Sunday, November 11, 2012

The Magician


"Dhyaan dibin dada, mayjik dakhabo!" - shouts the boy in an attempt to attract attention.

The second class air conditioned chair car feels a bit too cold in these winter temperatures. The train had left Calcutta a little over 30 minutes ago, and is chugging westwards into the mainland. The people - mostly sleepy, induced by a post lunch departure time and the last 30 minutes of train's sweet lullaby - are well sprawled into their seats with backs pushed as far back as possible. For most of them, this is meant to be a 4 hours of journey to meet their loved ones during the upcoming festivities.

Some of them look up with a faint, vague sort of interest at this teenage boy who has just announced his arrival. Old tattered shirt with faded broad check prints, a pair of grey jeans rugged through years of constant use, old but prominent sneakers which might have been discarded by someone after they had lost their prime, and a tattered black bag made of cheap rexine and cotton - the boy's appearance, in both form and expression, bears no resemblance to a magician. The only extra item he has added to his decor is a silk handkerchief tied near his jeans pockets - an odd piece of cloth hung there probably to provide a semblance of oddity, if nothing more; so that he doesn't pass off as just another kid selling magazines or tea or spiced puffed-rice popular in these areas.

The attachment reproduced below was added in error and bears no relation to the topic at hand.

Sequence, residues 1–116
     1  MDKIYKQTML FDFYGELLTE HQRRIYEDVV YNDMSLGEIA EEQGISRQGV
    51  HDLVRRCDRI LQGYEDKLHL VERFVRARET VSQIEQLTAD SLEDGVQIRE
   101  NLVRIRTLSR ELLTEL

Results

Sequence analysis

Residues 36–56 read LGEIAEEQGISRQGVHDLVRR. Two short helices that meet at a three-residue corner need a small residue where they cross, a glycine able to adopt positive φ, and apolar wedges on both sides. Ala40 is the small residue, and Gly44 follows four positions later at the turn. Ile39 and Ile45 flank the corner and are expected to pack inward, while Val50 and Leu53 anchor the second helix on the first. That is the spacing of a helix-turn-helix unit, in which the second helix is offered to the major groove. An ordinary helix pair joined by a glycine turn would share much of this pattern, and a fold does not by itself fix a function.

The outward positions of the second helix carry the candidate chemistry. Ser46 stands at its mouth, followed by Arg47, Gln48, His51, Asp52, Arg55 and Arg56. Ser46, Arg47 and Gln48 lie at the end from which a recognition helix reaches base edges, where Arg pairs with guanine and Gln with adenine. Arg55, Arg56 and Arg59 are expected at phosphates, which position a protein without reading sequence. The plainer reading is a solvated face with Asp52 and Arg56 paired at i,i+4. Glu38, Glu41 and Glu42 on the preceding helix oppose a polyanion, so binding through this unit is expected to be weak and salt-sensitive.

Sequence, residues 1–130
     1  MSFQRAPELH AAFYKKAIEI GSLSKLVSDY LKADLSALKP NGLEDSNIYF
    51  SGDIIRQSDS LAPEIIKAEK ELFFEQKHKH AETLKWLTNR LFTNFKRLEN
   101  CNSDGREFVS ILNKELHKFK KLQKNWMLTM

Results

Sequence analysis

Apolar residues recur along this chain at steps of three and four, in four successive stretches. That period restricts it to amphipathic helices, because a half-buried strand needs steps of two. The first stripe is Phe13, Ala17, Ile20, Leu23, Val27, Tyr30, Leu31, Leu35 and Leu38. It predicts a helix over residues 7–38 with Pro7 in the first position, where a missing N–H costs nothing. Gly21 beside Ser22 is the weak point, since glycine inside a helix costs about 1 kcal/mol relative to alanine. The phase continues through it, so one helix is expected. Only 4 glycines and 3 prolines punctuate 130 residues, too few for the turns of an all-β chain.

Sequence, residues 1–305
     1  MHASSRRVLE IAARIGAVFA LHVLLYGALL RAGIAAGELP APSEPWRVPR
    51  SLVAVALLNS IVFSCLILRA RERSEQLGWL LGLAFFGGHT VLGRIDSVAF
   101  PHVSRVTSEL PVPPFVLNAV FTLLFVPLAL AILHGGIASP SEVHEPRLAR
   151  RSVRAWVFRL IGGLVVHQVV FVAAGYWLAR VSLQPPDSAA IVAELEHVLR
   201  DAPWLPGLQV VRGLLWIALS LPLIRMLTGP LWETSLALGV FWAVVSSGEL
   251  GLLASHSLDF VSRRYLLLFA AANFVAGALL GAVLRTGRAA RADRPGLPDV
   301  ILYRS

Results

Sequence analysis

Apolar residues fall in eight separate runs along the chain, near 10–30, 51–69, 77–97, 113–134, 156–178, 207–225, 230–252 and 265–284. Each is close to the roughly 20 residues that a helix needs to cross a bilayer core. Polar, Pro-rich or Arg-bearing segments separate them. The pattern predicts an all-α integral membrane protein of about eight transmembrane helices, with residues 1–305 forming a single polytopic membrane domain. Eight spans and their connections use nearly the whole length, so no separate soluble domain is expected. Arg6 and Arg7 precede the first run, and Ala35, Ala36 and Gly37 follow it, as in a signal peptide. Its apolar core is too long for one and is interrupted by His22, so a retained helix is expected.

He must have taken a calculated risk in entering this reserved coach - the ticket checker, after doing his job within the first 30 minutes of train departure shouldn't be returning anytime soon, and the next station is at least another 60 minutes away - he shouldn't be thrown out prematurely, before he has demonstrated his magic, and collected some coins from those who shall spare any change.